Stories about: whole grains

Claims of vitamin-fortified, sugary foods hard to swallow

cerealboxWalking down the cereal aisle at the supermarket, it’s impossible to miss the declarations of health benefits prominently located on the fronts of the colorful boxes. The Nutrition Facts Panel—a valuable consumer resource that lists a product’s sugar, salt, fat and calorie content—is usually printed on the side of the box. But do parents searching for a healthful choice even bother to read the nutritional information when the front of the box suggests the product is made of “whole grain goodness” and “immune-boosting” vitamins?

Unfortunately many don’t and that’s a real problem, says David Ludwig, MD, PhD, in a commentary co-authored with Marion Nestle, PhD, MPH, and published in the Journal of the American Medical Association (JAMA). “We’ve arrived at the deplorable situation of Cocoa Krispies being marketed as a way to protect children from H1N1 flu, because it has a few added vitamins,” says Ludwig.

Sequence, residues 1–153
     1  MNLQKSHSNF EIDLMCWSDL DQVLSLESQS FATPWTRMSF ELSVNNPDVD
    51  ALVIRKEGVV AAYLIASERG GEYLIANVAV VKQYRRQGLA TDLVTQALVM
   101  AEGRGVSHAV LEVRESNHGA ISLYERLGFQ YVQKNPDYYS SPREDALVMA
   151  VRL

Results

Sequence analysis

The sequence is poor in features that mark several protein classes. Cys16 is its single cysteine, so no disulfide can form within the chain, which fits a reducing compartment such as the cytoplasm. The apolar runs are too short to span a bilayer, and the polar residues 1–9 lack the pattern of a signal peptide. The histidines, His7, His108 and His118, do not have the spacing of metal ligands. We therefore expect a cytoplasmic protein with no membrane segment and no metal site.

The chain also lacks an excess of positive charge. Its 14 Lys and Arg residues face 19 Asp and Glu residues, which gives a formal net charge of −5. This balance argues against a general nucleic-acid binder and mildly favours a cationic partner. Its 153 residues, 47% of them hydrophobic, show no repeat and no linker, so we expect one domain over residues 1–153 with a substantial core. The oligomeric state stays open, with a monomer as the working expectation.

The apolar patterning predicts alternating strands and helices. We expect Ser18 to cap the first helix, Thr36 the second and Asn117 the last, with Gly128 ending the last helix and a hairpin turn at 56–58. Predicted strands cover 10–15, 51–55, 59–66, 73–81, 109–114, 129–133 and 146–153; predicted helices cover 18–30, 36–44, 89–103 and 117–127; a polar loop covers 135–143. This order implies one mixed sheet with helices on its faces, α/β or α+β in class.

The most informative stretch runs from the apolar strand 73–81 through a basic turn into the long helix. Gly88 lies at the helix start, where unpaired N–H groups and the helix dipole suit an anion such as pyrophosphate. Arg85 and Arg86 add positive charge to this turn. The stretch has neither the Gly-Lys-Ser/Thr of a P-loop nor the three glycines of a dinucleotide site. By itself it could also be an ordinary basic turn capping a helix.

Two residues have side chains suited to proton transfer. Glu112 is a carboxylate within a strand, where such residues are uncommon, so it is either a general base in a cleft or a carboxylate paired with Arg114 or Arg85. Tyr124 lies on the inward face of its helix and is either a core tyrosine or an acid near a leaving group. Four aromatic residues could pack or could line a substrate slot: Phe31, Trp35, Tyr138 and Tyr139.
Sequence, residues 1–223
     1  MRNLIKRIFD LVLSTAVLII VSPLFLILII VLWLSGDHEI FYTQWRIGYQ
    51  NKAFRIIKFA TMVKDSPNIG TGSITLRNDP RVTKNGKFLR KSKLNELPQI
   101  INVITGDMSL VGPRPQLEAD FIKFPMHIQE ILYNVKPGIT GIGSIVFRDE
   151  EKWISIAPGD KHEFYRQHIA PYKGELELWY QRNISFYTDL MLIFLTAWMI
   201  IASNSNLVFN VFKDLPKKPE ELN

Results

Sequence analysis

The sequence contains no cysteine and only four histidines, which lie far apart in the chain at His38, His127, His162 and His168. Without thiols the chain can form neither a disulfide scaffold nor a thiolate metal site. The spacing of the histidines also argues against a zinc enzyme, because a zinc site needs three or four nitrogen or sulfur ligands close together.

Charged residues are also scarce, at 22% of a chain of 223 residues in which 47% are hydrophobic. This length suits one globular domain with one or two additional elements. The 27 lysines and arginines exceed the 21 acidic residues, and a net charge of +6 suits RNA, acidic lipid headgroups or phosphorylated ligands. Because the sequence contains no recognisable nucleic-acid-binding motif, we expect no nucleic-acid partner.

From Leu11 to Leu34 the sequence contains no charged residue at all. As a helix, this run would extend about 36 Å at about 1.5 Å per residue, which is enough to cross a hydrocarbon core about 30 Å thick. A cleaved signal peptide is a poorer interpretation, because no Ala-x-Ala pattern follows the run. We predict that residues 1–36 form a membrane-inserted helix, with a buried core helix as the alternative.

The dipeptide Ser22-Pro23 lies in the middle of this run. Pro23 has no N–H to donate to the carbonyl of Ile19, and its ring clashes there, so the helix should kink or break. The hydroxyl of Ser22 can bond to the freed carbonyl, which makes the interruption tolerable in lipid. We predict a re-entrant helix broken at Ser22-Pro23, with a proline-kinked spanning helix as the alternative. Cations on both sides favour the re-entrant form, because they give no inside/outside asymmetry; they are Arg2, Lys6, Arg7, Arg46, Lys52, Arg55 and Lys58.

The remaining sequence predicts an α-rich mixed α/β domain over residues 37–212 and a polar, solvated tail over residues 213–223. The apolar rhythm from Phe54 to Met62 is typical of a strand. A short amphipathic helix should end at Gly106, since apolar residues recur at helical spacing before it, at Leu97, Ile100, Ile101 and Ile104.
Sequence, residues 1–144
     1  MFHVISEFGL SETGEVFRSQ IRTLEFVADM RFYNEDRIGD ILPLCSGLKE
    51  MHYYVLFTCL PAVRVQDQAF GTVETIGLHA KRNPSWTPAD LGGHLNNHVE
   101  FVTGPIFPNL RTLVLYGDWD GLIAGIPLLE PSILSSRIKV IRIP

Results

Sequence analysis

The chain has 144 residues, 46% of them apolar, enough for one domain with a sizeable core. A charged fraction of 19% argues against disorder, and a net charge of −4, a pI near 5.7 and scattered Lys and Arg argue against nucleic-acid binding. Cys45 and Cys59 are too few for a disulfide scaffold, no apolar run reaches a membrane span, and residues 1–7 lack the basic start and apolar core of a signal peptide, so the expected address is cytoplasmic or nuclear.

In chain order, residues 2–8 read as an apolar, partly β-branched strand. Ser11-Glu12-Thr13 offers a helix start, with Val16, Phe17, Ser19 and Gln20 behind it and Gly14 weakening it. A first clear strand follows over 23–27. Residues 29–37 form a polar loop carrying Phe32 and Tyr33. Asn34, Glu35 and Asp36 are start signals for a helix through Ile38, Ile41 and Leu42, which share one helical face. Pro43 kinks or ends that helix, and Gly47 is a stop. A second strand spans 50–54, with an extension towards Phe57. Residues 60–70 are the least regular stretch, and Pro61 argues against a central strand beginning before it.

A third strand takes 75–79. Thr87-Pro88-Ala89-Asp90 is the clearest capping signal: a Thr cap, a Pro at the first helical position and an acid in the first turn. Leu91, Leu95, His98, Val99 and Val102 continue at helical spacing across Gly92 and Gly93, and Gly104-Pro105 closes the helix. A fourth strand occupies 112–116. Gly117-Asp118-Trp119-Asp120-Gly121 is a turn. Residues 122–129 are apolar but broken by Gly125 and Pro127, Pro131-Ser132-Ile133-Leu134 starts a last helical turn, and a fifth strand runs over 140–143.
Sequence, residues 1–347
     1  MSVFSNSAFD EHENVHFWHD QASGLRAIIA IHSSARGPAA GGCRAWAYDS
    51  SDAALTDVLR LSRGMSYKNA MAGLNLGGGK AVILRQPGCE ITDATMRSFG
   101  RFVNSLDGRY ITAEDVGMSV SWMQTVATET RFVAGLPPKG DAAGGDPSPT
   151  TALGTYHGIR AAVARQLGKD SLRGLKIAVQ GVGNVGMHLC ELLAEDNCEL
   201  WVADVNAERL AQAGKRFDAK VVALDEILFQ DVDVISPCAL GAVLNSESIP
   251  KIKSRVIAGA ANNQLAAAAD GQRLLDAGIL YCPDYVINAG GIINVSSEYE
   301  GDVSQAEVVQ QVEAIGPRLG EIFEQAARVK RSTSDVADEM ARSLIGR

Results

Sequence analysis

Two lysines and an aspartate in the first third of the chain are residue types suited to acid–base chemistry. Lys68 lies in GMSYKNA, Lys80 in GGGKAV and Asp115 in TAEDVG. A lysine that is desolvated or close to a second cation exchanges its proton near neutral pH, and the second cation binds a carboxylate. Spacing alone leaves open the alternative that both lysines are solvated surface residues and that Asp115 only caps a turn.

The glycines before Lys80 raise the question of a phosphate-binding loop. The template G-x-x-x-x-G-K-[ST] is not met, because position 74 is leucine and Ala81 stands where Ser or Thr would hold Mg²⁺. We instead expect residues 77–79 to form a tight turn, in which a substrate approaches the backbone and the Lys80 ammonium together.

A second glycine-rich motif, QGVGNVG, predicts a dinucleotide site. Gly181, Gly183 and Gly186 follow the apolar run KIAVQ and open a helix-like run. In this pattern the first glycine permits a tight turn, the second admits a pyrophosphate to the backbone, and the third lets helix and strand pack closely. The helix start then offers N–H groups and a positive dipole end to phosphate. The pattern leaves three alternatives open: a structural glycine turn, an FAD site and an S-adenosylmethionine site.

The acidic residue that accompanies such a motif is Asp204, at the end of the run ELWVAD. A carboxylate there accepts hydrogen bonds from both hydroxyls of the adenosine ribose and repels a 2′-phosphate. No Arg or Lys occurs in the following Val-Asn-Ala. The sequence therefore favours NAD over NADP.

Consumers tend to believe claims on the front of packages, according to recent research, and perceive health statements to be endorsed by the government. But few health claims on food products have any basis in science at all. And unlike medications, food product labels don’t have to disclose their potential ill effects, such as obesity from high added sugar content.

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